27 Comments on “You’re Back In The Room – Real or fake? And Other Stage Hypnosis FAQs

  1. Well done a sound argument that shows the worth of all hypnotists whatever their background, specialist knowledge or learning. I believe in the heart of all hypnotists is to bring about healing and the abilIty to overcome their fears and achieve their goals. I do not believe that stage hypnotists do an injustice to our professionalism as we can only learn from them. I feel we as hypnotists will do ourselves a great injustice if we set ourselves above the often brilliant skills and knowledge street and stage hypnotists.
    I did watch ‘You’re Back in the Room’ I also feel that the contestants were hypnotised and that this programme can do no harm to our profession. What it will show is the power of hypnotism to improve the life of all who seek our help whatever their need or reason.

    1. Interesting comment Susanne. I was offered therapeutic hypnosis once, but after seeing shows like this I wouldn’t touch it with a bargepole.

      1. Thanks for your input Susanne and Mike.

        @mike – I’m sorry to hear that, I’d like to understand why that is. What is your concern? Were you interested at some earlier time and something specific put you off? Please feel free to explain more, I’m genuinely interested.

        1. I don’t think it is real as could be really dangerous we need to find someone that has been on the show to tell the truth however if you have been on the show why wouldn’t you tell the truth considering you could become really rich from it. It’s about time we found out the truth.

        2. Hi Abi,

          Assuming you're right and that this is fake, why do you think nobody has come out and told the truth?

          There have been a couple of dozen contestants on the UK version, and I believe many more than that in versions around the world. This would be an interesting and potentially lucrative story for them to tell, but AFAIK nobody has blown the whistle. Why would that be?

    1. Hi Shane,

      . Thanks for your comment. Do you mean people in general are not hypnotised (i.e. there’s no such thing as hypnosis)? or specifically that contestants on You’re Back in The Room are not hypnotised?

  2. Very interesting article. I understand the difference between hypnotism (for shows) and hypnotherapy for treatment. What i struggle understanding is why practitioners can’t use stage style hypnosis if it will help the patient? For example my daughter has suffered with a condition called CRPS for 10 years which causes continuous nerve pain in her foot, has tried all the treatments and thought hypnosis would help. However the two practitioners she has seen just taught her self hypnosis techniques to try and decrease the pain. Why can’t they click their fingers so that she believes she is pain free ? Even just one day a month would help give her relief from the nightmare she is in. I would be interested in your opinion on this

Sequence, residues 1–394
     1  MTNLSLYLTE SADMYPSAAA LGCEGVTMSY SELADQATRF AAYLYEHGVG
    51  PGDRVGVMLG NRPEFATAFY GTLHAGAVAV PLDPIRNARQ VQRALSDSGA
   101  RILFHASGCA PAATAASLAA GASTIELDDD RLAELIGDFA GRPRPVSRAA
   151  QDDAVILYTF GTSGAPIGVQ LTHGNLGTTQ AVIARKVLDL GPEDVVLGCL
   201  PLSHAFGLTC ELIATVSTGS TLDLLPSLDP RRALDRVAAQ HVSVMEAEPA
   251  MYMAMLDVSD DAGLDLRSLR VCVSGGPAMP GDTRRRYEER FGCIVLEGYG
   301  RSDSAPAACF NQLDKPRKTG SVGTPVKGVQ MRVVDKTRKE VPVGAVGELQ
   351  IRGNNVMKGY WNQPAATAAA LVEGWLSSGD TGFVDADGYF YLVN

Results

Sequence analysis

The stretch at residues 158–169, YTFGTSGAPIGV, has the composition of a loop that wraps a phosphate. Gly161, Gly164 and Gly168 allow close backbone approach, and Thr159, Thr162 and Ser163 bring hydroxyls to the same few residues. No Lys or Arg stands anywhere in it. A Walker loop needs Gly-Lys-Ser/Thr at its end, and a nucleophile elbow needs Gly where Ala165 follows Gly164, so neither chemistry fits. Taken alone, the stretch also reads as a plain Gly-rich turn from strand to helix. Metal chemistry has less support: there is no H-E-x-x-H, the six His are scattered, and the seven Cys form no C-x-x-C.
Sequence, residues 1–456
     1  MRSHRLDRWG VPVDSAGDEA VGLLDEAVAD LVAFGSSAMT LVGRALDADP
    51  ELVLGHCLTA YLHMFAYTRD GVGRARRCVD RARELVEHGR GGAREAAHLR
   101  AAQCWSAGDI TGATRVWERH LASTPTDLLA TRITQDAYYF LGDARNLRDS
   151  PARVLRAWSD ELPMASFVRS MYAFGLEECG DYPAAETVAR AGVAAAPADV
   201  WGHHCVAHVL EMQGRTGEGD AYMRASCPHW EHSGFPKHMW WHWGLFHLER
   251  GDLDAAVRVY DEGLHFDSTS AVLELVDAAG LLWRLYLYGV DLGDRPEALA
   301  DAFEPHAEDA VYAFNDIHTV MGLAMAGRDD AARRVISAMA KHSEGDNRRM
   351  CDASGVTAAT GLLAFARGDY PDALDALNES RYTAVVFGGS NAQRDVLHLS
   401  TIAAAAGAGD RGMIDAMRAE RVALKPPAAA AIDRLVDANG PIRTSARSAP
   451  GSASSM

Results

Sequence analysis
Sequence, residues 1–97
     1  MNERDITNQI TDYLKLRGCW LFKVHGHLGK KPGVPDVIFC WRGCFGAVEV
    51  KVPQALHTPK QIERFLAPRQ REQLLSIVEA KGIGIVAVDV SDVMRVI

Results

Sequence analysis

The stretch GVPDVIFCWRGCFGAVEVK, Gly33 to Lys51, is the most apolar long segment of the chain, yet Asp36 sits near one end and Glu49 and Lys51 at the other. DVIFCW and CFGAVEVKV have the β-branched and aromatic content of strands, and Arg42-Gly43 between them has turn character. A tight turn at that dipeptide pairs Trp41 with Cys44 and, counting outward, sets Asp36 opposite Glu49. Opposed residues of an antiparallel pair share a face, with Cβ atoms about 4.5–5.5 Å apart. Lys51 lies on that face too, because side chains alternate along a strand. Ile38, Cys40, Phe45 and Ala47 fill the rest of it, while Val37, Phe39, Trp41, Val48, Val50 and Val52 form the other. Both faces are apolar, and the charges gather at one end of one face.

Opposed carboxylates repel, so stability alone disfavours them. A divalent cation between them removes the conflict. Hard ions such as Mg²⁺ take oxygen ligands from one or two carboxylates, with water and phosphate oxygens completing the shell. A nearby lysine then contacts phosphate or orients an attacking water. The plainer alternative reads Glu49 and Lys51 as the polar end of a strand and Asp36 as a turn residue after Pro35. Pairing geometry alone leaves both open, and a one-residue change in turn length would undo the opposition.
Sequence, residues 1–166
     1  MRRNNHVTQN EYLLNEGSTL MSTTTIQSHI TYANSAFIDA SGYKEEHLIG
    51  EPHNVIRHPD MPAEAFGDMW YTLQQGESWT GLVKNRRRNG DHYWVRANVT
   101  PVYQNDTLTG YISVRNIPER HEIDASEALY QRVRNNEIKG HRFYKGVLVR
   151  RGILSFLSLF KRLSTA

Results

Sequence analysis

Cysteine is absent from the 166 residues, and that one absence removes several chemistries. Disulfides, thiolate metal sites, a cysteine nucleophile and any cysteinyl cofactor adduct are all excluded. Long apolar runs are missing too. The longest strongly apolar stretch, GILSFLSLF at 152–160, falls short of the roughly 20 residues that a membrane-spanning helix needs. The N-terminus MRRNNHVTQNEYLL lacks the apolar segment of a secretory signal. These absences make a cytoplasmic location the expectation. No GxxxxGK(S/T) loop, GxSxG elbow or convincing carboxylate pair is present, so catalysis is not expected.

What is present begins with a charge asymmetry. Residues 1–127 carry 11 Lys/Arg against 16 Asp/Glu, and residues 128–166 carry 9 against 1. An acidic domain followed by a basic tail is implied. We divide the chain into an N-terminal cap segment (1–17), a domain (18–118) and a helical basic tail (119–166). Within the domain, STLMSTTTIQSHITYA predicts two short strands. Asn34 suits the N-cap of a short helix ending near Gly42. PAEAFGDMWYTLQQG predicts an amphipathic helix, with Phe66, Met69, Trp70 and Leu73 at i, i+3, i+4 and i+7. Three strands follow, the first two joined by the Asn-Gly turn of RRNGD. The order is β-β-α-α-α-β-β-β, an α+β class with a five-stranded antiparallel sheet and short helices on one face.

1. Hi Sue,

      Sorry to hear your experience has not been ideal.

      Obviously I can’t comment specifically on what other hypnotists may have said or done, but it does sound like you have been given advice I wouldn’t agree with.

      Hypnosis can be incredibly effective with pain management (and with inflammation) but self-hypnosis for this sort of thing would be a supportive tool IMHO, and I would never advocate it as a primary choice.

      Nonetheless, it would also be a rare occasion where someone walks into my therapy room and I (or any hypnotist) can simply give a lasting beneficial suggestion for chronic pain simply with a click of the fingers and a few well-chosen words. The contestants on the show are not only hand picked because they are the very best subjects the production company could find, but they are also heavily conditioned to respond that way.

      Everybody has their own response to hypnosis, and some are much more responsive than others. Some people are going to respond very well to the very first thing a hypnotist tries, some are going to need a little more time and patience to get the result they want.

      With an average client I would expect to spend some minutes inducing hypnosis, then some minutes getting a deep enough state; I would then try a few different techniques to reduce pain and discomfort to find out what works best and create a longer strategy from there.

      Having said that, there is no such thing as an average client, everyone is unique, and everyone requires a unique approach.

      Once a client has sufficient experience and skill with getting into hypnosis I would probably teach them self hypnosis, so they can do what we’ve been doing in the therapy room whilst at home.

      Hopefully this give a little insight into my views on this sort of thing, but please feel free to ask further questions or to call me for a chat.

      You might be interested to see my video of an experiment in hypnosis-induced anaesthesia

    1. Thanks Richard,